An AV System to Train Firemen, Part 2
Jun 22, 2012 11:21 AM, With Bennett Liles
Listen to the Podcasts
Editor’s note: For your convenience, this transcription of the podcast includes timestamps. If you are listening to the podcast and reading its accompanying transcription, you can use the timestamps to jump to any part of the audio podcast by simply dragging the slider on the podcast to the time indicated in the transcription.
Training firemen isn’t just about stacking hoses and running up stairs. A modern AV system can be a big advantage and Circle City Audio installed one while the fire station was operating and responding to emergency calls. Andrew Van Veld is here to give us the lowdown on how they did it, coming right up on the SVC Podcast.
SVC: Andrew Van Veld from Circle City Audio, thanks for being back with me for Part 2 on the SVC Podcast and outfitting a fire station, that’s an unusual AV project with some special considerations for a fire station install. One being that you don’t get in the way. We talked in Part 1 about the audio ducking where you have all these audio sources coming in and when there’s an emergency call you want all those brought down. I know they have some other things in there that they use for their training. There’s a Sony EVI-D70 camera, that’s obviously a proven model; lots of those around. How do they use the Sony camera?
The camera is ceiling mounted in the rear of the training room and it is used to capture basically the front of the room, either the podium or the document camera which is on the other side of the front of the room or possibly a wide shot to show what’s going on in the room itself. That is one of the things that we ended up actually using infrared for because it was relatively simple and a pretty short cable run so using the Xantech touch panel and the handheld infrared remote that comes with the Sony camera we were able to learn the IR codes for camera movement and presets so then on the touch panel there are just preset recalls for where do I want the camera to point. One of the nice things we did was with the streaming server when you select the document camera, for example, as your input the camera automatically points to the document camera side of the room so the instructor will be on camera as when they walk over there. [Timestamp: 2:19]
In most cases, that might involve watching some of their training sessions to see what they need and how it should work.
Well in this case it was more off a, oddly, a last minute kind of thing because this is a brand new room so it had never been used for training so we kept getting, “Oh can you do this? Oh can you do this?” from the customer and thankfully all of the, oh can you do this we were able to say yes sir. [Timestamp: 2:43]
Well, that’s great when you can deliver like that for a client and since their specialty is putting out fires rather than setting up and operating an AV control systems, they probably got some ideas just by watching your people work. I know they have a BenQ, what is it an MX764 projector in there?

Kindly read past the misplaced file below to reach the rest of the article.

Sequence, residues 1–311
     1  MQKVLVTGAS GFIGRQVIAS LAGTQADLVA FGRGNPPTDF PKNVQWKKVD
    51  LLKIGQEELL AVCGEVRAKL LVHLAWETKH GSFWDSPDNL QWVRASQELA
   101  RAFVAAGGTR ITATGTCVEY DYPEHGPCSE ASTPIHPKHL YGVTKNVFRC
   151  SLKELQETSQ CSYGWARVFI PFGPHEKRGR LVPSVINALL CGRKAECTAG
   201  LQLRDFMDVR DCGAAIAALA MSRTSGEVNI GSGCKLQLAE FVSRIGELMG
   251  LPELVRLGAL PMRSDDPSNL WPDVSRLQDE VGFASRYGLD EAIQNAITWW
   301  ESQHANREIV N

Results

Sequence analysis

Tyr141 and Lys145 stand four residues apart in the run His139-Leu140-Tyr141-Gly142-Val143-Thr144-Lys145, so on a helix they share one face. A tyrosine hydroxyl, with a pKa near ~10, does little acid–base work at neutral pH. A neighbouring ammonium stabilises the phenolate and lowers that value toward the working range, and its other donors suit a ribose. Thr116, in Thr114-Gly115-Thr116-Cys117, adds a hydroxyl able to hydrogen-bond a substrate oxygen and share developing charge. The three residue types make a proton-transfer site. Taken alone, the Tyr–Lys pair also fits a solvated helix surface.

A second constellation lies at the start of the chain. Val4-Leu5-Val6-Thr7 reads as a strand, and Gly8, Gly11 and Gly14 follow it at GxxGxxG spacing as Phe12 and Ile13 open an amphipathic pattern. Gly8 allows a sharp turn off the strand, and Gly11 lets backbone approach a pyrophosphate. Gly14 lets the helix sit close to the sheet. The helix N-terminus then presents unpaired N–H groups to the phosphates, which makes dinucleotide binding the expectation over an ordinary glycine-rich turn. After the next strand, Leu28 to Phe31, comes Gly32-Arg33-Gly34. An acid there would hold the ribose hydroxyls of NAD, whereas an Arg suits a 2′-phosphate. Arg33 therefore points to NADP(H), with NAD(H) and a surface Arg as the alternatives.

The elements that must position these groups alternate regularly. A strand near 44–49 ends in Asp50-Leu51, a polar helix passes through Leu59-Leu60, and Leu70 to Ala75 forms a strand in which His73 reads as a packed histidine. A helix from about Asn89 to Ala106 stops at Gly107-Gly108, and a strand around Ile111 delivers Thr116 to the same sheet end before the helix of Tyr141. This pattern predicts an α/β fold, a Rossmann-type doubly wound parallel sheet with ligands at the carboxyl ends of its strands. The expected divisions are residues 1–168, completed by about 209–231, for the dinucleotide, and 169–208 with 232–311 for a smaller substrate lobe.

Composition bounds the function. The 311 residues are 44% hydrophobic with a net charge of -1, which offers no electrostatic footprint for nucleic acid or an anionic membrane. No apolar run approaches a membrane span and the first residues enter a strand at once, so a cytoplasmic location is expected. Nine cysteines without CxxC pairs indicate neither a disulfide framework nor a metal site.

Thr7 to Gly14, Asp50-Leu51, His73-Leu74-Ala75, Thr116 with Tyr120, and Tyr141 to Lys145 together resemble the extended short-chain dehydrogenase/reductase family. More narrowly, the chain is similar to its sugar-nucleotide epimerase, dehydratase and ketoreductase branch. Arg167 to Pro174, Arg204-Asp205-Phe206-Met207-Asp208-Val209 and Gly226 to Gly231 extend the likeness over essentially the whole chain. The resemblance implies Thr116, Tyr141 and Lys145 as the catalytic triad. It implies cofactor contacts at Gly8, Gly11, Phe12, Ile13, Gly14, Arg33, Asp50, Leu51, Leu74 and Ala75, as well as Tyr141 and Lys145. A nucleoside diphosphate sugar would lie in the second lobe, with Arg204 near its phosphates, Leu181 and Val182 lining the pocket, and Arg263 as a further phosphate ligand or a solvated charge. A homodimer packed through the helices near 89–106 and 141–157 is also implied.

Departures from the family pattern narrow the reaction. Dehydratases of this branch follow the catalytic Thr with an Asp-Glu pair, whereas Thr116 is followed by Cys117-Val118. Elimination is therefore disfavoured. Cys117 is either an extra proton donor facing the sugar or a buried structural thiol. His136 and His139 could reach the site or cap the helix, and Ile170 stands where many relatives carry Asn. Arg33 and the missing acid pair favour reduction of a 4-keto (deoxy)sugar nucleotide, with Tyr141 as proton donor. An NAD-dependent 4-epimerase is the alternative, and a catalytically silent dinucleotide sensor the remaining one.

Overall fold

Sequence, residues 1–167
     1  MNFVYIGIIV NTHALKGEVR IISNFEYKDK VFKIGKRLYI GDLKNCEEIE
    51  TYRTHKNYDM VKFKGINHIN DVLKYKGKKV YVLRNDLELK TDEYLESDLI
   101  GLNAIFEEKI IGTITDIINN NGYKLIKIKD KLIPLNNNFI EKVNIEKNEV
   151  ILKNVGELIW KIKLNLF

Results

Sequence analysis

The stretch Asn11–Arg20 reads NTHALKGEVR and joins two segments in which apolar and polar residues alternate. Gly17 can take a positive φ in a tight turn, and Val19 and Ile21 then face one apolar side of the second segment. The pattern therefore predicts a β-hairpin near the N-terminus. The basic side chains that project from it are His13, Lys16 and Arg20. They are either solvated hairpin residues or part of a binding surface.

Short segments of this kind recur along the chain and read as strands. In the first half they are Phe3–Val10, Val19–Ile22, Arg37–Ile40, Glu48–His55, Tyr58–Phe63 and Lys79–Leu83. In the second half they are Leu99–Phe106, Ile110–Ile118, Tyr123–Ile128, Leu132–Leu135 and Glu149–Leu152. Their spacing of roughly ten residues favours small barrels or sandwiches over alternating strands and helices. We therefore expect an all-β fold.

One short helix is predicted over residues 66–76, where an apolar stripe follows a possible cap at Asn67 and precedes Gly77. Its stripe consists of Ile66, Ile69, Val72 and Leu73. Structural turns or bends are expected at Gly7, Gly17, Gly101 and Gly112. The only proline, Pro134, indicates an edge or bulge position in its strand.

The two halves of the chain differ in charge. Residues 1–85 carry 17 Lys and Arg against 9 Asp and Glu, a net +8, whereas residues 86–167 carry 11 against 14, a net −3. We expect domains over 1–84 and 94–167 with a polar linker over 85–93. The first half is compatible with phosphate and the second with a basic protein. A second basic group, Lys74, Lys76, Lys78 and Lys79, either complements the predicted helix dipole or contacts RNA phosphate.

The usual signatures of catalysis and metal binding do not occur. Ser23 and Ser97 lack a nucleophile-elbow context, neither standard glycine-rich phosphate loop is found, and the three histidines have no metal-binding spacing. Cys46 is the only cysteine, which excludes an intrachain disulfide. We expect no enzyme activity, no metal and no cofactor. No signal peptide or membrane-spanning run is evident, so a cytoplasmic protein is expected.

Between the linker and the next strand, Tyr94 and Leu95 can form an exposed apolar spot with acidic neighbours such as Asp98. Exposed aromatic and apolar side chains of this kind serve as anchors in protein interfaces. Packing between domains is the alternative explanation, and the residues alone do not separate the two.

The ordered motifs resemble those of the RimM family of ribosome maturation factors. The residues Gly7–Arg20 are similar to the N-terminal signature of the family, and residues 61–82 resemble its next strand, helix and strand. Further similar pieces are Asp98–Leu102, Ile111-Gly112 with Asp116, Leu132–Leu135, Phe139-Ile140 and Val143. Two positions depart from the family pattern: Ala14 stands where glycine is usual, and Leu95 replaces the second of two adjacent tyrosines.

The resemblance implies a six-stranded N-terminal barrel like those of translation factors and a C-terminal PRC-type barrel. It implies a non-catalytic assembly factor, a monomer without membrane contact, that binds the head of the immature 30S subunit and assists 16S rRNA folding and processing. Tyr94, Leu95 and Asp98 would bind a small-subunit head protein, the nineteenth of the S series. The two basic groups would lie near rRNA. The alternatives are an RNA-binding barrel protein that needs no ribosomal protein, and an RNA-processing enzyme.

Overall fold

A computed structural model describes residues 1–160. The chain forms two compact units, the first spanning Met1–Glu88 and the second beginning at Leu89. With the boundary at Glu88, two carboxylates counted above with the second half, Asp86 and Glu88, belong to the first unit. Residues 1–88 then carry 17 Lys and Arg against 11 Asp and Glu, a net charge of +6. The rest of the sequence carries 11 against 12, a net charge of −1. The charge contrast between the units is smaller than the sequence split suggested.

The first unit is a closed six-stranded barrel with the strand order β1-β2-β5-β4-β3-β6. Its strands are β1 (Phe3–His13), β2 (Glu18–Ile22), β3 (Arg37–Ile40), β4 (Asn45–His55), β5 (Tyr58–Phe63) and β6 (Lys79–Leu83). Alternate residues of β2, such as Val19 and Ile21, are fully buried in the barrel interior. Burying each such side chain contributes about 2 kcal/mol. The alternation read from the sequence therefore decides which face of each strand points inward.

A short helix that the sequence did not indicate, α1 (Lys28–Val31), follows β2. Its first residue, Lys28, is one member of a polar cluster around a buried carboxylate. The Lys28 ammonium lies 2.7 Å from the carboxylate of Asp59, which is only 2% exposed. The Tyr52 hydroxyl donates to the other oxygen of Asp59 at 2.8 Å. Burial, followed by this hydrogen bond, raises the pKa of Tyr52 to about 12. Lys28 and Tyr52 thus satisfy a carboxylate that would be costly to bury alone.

Yes, it’s also ceiling mounted and that actually is the other device that’s infrared there we again short wire all we needed to do was turn the projector on and off. The input to the projector is switched at the video switcher so there was very little reason to control it. I did replicate all the menu commands that cursor control in the touch panel so if they ever lose their remote they can run the projector and get to the menu and all that stuff from inside the touch panel and the little website but it’s basically projecting either the document camera image or the laptop and a podium or there’s a computer in the rack that’s in the control room it’s kind of a static computer that’s always there so if an instructor shows up with a PowerPoint file on a thumb drive there’s a computer there they can run. [Timestamp: 3:52]
Big advantage and less outside gear brought in. I think that projector is 4000 lumens so that must be a fairly sizable room.
It’s a decent size room. I don’t know what the seating count is, but the table allocation is probably 30 people. [Timestamp: 4:07]
And since everybody’s on rotating schedules I guess it would be nice to be able to record training sessions for playback for the people on the other shift. Now they’re using an Ncast PR720R I think it is. Why did you decide to go with that particular one to record and playback all of this stuff?
Ncast was a wonderful solution that we found to be able to do this especially at the cost from a reasonable amount of money prospective it does live streaming, it records, it lets you do set ups and nice defaults and things, it’s relatively simple to learn because that’s one of those things like you mentioned they’re firemen, they are not AV professionals and even their main trainer as it were had to be able to learn to do things that are outside of his normal work so the Ncast worked pretty well for that. The camera plugs directly into the Ncast everything else it gets those from the video switcher or the wireless mic that’s in there and it’s…we use the RS, the rack mount version so it can be tucked away with everything else. It’s a smooth box, we looked at a couple other alternatives they were dramatically more expensive and still not as functional. [Timestamp: 5:16]
Looks like it’s multifunctional in terms of the formats it can handle and I think that’s just a single rack space unit, too.
Acceptable Use Policy blog comments powered by Disqus